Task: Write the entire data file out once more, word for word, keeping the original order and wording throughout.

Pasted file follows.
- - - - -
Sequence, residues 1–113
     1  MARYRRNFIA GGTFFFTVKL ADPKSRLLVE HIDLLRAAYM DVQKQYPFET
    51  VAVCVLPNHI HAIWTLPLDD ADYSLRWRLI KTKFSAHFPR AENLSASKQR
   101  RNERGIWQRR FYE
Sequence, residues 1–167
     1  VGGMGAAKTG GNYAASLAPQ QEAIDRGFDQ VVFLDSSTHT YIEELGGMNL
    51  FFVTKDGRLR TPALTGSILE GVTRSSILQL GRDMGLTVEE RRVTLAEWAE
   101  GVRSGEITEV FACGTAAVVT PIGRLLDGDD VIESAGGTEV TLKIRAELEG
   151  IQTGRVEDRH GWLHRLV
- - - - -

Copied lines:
Sequence, residues 1–113
     1  MARYRRNFIA GGTFFFTVKL ADPKSRLLVE HIDLLRAAYM DVQKQYPFET
    51  VAVCVLPNHI HAIWTLPLDD ADYSLRWRLI KTKFSAHFPR AENLSASKQR
   101  RNERGIWQRR FYE
Sequence, residues 1–167
     1  VGGMGAAKTG GNYAASLAPQ QEAIDRGFDQ VVFLDSSTHT YIEELGGMNL
    51  FFVTKDGRLR TPALTGSILE GVTRSSILQL GRDMGLTVEE RRVTLAEWAE
   101  GVRSGEITEV FACGTAAVVT PIGRLLDGDD VIESAGGTEV TLKIRAELEG
   151  IQTGRVEDRH GWLHRLV